Kidney has a central role in the body's electrolyte homeostasis. The urinary concentration of chloride is regulated by the amount of chloride filtered by the glomeruli and the balance of resorption and secretion along the nephron (Figure 1) and normally ranges between 110 and 250 mmol/L. In the general population, the amount of excreted urinary chloride roughly equals the intake. However, renal dysfunction is prevalent in patients with HF and related to a worse prognosis. In patients with HF, renal blood flow is often impaired because of a decrease in cardiac output and an increase in central venous congestion. Chloride is the main modulator of the tubuloglomerular feedback in the kidney, and hypochloremia in HF would interfere with the kidney's regulatory role in electrolyte homeostasis and diuresis.

Figure 1.

Renal Regulation of the Chloride Homeostasis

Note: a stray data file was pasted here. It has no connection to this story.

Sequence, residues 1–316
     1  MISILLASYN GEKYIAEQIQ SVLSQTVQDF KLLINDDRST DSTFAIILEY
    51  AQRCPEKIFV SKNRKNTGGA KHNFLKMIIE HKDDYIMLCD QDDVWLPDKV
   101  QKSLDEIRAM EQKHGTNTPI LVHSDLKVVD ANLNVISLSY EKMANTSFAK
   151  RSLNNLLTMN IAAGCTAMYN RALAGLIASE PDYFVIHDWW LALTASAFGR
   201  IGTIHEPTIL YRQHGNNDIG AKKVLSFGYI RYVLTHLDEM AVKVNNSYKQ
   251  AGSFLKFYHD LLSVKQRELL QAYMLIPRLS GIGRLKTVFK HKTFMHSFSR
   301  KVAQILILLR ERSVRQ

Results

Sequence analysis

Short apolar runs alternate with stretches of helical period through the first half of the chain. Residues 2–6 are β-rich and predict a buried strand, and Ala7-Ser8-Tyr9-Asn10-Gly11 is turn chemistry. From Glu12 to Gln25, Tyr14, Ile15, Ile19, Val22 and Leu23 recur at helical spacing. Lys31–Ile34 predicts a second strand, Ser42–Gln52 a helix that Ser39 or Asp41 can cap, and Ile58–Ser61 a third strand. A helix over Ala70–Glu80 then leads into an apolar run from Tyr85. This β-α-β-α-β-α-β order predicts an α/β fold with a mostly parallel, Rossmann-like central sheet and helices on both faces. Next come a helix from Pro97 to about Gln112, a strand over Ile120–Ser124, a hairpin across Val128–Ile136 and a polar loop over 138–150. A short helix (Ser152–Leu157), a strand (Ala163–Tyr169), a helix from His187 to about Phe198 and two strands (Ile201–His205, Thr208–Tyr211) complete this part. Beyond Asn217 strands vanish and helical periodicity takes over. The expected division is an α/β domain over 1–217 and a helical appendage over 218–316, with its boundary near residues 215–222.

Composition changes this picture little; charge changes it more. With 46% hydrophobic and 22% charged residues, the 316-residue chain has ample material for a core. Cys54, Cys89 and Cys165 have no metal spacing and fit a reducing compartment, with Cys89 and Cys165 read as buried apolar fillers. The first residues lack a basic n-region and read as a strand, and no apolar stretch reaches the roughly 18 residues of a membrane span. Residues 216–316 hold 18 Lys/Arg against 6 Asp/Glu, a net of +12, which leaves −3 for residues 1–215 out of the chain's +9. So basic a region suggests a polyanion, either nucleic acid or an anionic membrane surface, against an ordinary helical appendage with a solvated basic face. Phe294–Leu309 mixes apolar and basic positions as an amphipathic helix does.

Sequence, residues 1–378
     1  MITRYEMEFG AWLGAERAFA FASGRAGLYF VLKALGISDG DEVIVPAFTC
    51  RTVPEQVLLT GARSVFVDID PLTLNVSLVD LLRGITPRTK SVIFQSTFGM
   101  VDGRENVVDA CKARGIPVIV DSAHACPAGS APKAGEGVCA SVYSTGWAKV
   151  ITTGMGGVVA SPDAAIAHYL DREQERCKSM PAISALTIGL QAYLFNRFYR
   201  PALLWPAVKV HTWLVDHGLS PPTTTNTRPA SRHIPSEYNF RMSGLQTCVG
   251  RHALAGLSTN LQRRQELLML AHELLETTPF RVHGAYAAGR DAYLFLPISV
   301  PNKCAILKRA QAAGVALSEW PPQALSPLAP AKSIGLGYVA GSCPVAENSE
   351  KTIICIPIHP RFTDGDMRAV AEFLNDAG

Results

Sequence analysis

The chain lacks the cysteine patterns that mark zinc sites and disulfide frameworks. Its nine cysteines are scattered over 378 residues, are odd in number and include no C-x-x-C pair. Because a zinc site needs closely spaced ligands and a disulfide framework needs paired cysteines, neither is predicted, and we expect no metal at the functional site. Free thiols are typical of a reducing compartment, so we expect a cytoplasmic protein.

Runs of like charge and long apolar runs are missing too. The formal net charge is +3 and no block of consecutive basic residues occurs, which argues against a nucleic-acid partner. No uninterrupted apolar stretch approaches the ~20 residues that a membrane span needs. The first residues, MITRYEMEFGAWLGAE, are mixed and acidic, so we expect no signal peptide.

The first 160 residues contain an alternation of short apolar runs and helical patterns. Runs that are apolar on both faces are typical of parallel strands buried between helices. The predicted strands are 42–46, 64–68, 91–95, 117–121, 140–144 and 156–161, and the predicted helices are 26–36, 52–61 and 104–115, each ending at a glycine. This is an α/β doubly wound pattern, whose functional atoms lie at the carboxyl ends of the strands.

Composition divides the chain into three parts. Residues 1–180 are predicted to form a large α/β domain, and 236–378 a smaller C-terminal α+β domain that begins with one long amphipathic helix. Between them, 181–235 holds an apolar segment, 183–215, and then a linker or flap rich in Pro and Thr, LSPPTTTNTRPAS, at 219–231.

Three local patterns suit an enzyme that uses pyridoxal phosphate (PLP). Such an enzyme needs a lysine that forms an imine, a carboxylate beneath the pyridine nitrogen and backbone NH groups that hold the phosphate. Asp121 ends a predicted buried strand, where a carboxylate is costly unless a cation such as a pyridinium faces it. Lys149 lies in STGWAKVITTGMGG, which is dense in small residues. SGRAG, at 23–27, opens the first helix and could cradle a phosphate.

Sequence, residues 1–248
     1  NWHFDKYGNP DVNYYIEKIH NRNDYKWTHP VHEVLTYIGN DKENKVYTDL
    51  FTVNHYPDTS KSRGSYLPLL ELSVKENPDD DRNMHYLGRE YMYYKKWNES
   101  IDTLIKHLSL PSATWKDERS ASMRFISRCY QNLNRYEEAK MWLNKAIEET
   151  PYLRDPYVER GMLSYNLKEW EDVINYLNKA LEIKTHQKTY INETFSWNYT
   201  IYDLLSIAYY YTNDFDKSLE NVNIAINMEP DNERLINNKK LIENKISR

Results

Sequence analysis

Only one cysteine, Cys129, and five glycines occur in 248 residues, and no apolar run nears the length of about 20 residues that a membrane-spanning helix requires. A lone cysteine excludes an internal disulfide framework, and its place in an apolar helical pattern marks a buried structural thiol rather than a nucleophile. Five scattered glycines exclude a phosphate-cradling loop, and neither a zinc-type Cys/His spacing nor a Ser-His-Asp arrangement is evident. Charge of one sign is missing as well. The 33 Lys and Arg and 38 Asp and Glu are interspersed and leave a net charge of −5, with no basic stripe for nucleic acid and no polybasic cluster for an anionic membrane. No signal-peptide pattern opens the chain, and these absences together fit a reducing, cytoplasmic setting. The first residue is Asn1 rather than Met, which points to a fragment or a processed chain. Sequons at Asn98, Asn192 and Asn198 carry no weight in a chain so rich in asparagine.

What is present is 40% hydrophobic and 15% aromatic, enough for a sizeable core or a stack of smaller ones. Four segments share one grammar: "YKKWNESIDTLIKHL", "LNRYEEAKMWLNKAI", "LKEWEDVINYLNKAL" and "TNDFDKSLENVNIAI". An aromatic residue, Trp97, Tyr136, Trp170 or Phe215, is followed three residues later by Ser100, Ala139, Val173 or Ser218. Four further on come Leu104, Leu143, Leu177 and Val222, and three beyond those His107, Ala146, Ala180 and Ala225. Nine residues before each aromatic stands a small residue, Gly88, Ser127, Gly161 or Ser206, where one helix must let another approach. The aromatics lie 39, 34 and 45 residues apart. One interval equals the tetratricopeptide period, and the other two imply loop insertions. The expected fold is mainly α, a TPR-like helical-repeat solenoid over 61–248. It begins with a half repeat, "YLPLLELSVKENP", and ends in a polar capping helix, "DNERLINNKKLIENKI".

Sixty percent of chloride is reabsorbed in the proximal convoluted tubule. In step 1A, sodium, bicarbonate, and other nonchloride anions are reabsorbed. In step 1B, most of the secreted Cl is reabsorbed passively through the concentration gradient generated by step 1A, and carbon anhydrase increases serum HCO3 levels. In step 2, there is only passive water transport, whereas the thick ascending limb (step 3) is impermeable for water and the sodium-potassium-2 chloride (Na-K-2Cl) cotransporter is active. In step 4, sodium and chloride are reabsorbed via the sodium-chloride cotransporter. The basolateral Na-K–adenosine triphosphatase (ATPase) pump creates a low sodium gradient, so direct coupled sodium/chloride transport can be facilitated. Chloride is passively and indirectly reabsorbed in this step, because of the negative potential caused by the transport of sodium via the apical epithelial sodium channels. Serine-threonine kinases (with-no-lysine protein kinases [WNKs]) play an important role as chloride sensors and are in control of Na+-K+-2Cl and Na+-Cl cotransporters. In step 5, the final urinary chloride concentration is regulated via paracellular transport. If chloride is low on the serum electrolyte balance, there will be maximal reabsorption in the collecting duct to conserve normal chloride levels. ACE = angiotensin converting enzyme; ARBs = angiotensin receptor blocker; CA = carbon anhydrase; MR = mineralocorticoid receptor; MRA = mineralocorticoid receptor antagonist; SGLT2 = sodium-glucose cotransporter 2; VR = vasopressin receptor 2 antagonists.